A modification of the Paul system was recently installed in a large office building in Chicago which has given decided satisfaction. Instead of the air valve on each radiator, a small tee with an aperture only 1/16 inch in diameter was screwed into the air hole of the radiator, and these connected together into a system of small air pipes running to an air pump or exhauster. This maintains a constant suction on the air holes. Although there is apparently a continual leakage of steam in this system,, it is not more than with the automatic air valves, as the latter are seldom maintained in perfect adjustment. The tees were made with a plug on the outside which could be removed for the purpose of cleaning the pin-hole by means of a wire.

Plants equipped with vacuum systems frequently operate slightly below the atmospheric pressure, and besides entirely doing away with back pressure on engines and removing the air from the system, there are many incidental advantages in the operation of plants of this character which will lead to a very extended adoption. The principal objection to vacuum systems lies in the fact that the exhausters or vacuum pumps take considerable live steam to operate them, and almost as much in moderate weather as on very cold days.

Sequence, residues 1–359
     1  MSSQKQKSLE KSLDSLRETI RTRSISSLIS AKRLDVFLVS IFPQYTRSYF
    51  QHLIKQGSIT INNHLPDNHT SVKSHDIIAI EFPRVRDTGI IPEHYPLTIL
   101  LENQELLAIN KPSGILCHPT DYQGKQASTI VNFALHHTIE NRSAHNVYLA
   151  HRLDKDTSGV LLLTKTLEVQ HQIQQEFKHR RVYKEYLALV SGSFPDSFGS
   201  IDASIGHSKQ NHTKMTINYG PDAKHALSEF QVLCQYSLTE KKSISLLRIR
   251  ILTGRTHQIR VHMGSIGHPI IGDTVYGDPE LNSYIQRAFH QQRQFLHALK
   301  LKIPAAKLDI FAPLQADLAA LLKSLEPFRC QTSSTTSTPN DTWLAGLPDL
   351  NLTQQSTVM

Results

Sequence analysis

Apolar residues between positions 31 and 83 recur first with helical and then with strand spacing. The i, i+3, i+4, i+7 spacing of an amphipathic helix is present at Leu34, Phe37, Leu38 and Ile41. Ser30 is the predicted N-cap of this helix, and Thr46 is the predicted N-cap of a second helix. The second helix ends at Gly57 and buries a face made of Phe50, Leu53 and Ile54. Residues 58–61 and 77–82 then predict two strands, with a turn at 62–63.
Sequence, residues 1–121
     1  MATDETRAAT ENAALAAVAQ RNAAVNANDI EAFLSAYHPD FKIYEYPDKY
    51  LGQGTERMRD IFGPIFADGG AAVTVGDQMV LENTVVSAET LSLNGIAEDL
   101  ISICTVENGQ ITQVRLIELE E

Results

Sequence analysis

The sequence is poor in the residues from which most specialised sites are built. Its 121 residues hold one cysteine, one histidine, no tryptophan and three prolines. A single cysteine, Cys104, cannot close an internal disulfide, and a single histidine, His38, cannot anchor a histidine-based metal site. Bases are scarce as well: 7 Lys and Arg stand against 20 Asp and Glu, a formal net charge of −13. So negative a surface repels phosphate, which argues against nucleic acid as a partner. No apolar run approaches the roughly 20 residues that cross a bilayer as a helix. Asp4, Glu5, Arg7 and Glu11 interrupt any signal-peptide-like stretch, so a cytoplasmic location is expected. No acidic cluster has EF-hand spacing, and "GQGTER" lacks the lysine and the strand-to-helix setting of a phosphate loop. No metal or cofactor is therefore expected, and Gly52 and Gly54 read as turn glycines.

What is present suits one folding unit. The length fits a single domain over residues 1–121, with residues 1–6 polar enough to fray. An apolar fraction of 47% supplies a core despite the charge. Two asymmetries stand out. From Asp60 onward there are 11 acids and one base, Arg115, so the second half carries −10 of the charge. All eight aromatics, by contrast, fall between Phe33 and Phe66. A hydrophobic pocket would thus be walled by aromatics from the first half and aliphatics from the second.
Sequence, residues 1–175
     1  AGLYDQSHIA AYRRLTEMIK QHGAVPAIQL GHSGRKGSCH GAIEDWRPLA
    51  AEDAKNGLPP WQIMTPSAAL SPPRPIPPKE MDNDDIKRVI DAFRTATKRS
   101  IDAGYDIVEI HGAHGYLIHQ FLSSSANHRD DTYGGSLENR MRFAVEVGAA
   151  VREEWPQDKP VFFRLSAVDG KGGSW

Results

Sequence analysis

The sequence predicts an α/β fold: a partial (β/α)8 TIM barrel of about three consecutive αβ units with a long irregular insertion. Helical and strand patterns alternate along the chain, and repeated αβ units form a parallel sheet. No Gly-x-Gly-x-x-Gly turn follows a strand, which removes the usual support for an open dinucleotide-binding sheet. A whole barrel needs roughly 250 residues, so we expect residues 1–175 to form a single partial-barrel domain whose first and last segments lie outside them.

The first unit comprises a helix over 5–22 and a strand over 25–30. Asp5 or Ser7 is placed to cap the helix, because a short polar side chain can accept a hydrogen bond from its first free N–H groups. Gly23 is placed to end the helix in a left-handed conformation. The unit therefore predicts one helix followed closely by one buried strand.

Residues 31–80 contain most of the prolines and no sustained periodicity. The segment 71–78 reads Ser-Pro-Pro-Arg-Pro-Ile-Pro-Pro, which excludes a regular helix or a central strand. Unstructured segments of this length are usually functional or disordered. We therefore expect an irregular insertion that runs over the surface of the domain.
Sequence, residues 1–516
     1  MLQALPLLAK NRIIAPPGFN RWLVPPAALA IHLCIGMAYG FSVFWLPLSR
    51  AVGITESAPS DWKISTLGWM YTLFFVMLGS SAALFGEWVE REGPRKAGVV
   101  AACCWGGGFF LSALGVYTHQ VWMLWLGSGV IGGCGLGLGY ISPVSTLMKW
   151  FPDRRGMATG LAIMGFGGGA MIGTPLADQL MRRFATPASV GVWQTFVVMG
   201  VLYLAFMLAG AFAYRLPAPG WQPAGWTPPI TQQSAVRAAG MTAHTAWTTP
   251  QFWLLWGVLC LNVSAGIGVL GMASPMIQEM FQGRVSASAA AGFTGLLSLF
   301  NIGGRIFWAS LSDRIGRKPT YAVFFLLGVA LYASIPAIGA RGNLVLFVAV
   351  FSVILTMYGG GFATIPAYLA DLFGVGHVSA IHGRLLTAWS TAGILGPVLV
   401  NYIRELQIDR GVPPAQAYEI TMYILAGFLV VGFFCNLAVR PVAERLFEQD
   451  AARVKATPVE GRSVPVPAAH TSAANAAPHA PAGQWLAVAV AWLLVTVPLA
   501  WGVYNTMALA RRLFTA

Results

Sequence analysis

The recent development of vacuum pumps, however, has been of great value to steam-heating work. Pumps of this class are now made which will not run away when all the water is pumped out of the suction, the water end of the pump receiving only air and steam. They will run along slowly under such conditions, taking care of the water as it comes. If a pump of this description is connected to the lower point of the main return from a heating system, it can be made to maintain what is now called a dry return. This is in some cases valuable, as it obviates the necessity of considering the water-line, as before mentioned, in placing radiators in basements. Vacuum pumps used in this way are especially valuable in cases where return water is to be brought back from a heating system at some distance from the source of steam supply.